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Allow me to Introduce… Jabulani

My first ‘meeting’(apart from the Created Catalogue) with Jabulani was in Cape Town Airport: Having just spent my last day in South Africa with another of Created’s jewellery making partners – Umtha – it was very exciting to see an eye catching display of Jabulani’s jewellery for sale in the departure lounge shop.

Jabulani’s jewellery combines the intricate detail of traditional Zulu beadwork with the subtle colour coordination of contemporary design.

In the Zulu language jabulani is the word for ‘rejoice’. In many parts of South Africa, the high prevalence of AIDS and a lack of employment opportunities mean that ‘jabulani’ is perhaps heard less often than it should be. Paula wanted to change this.

Although Paula Goosen had no real training or experience in running a business, her vision was to provide work for women in the Ndedwe area some 80km north of Durban. Many have received little or no education during the apartheid era but as Paula observes ‘What I find amazing, is that many of the women are illiterate and cannot count, and yet they consistently reproduce the intricate geometric beadwork designs with such accuracy.’

The journey has been a tough learning experience for Paula from Jabulani’s start in 1991; the venture now has nine permanent staff and provides work to around 100 others
Paula continues their story; ‘We have established an honest and open trading relationship with a rural community, which has one of the highest incidence of HIV/AIDS in the world. At Jabulani we believe that by paying a fair price for skill and effort, we foster respect and dignity. As a result, we have witnessed a wonderful improvement in the quality of our bead women’s lives. Every handcrafted piece of Zulu beaded jewellery helps sustain the lives of real people giving them a stable source of income.’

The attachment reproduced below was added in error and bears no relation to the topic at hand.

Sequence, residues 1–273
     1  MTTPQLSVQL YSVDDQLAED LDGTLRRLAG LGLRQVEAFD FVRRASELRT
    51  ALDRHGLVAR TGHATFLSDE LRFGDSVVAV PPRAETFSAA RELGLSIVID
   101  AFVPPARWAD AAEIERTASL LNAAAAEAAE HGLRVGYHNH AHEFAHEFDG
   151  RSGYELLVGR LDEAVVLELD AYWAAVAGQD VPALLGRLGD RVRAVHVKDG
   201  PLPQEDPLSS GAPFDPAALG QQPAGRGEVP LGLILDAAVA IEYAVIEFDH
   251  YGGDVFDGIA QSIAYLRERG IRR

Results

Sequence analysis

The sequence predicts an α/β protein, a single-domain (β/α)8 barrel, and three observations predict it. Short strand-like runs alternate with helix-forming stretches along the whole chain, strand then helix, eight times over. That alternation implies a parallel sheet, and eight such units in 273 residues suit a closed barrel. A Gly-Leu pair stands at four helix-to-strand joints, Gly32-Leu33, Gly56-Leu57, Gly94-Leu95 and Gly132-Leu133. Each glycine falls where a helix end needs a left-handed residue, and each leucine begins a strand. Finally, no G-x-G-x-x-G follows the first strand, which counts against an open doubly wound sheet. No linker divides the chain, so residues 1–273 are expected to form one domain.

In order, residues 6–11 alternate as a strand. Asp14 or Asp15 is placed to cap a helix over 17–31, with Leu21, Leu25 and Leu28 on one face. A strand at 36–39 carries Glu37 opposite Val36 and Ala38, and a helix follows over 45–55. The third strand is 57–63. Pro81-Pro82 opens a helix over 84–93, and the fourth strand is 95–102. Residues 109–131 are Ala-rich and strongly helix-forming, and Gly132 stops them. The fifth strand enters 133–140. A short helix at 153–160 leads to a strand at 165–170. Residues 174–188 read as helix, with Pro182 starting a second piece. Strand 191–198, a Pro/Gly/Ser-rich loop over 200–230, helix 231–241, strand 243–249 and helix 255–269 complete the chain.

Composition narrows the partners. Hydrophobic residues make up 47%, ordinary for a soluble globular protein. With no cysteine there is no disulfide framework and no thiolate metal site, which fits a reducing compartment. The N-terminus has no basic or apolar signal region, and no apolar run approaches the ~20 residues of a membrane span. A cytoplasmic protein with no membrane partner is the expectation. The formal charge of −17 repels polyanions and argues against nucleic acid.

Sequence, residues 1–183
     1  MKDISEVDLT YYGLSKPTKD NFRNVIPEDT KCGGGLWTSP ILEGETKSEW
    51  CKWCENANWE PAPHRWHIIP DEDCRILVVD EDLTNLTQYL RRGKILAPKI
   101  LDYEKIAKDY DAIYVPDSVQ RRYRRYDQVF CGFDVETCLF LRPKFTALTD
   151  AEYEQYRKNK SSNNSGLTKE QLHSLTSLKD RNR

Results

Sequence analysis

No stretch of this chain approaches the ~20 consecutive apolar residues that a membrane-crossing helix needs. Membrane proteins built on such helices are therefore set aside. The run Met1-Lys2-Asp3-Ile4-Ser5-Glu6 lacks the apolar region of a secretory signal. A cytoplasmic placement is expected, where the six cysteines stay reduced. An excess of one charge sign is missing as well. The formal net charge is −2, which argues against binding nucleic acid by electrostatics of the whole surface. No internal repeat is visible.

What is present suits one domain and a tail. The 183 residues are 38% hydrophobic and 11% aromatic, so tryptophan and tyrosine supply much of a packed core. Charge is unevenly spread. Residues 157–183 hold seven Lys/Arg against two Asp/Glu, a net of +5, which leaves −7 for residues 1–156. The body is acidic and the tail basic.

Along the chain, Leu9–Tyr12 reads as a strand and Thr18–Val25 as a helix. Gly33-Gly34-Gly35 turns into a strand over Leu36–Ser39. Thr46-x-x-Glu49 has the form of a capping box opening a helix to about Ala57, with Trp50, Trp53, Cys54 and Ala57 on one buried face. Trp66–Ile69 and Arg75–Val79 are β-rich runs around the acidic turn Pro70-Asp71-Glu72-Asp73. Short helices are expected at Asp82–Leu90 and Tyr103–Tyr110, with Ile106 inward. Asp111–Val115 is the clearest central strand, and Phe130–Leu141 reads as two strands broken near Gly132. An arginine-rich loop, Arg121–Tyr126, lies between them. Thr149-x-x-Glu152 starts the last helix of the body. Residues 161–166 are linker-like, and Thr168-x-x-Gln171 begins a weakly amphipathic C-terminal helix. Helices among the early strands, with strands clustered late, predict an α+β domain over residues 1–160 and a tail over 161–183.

The dream is to provide a crèche so that the women can work together more regularly, and also develop other ways of giving practical support to them, such as contributing to medical expenses. ‘We could do so much more – we just need to sell more’ is Paula’s straightforward analysis. ‘We have whole families who obtain a significant part of their income from their beadwork.’
If you have visited fair2all you may have seen some of Jabulani’s distinctive jewellery, with tiny beads woven into stunning geometric patterns. It is very intricate and time consuming work, so, as the bead women are paid a fair wage for their work, it may appear to be expensive – only the other week a customer remarked on the price of the beaded ‘Union Flag’ key ring which although much smaller is the same price as a beaded pencil case (onto which the beads have only been stitched; a much quicker process).

Having visited another Tearfund partner’s project, south of Durban and met some women (whose circumstances sound very similar to those Paula is working with) working in rural, self-help, cooperatives, I was very excited that the selection of stunning beadwork necklaces from Jabulani that Created will be stocking this year has now arrived in the warehouse. So it may not surprise you that the bracelets and necklaces have already featured at Ashby Spa WI’s Fashion Show and in the window of fair2all.

Not that I have had time to count them but I would guess that an individual large ‘bead’ on the necklaces must be made from at least 100 tiny beads all carefully joined together to form the large ‘bead’. Then a selection of colour toning large ‘beads’ are used together with other materials to form the necklace, bracelet or earrings.

My description does not do justice to the fine detail of the work so why not come and see this stunning bead work jewellery, a modern tribute to the ancient art of bead work handed down for hundreds of years in the Zulu culture?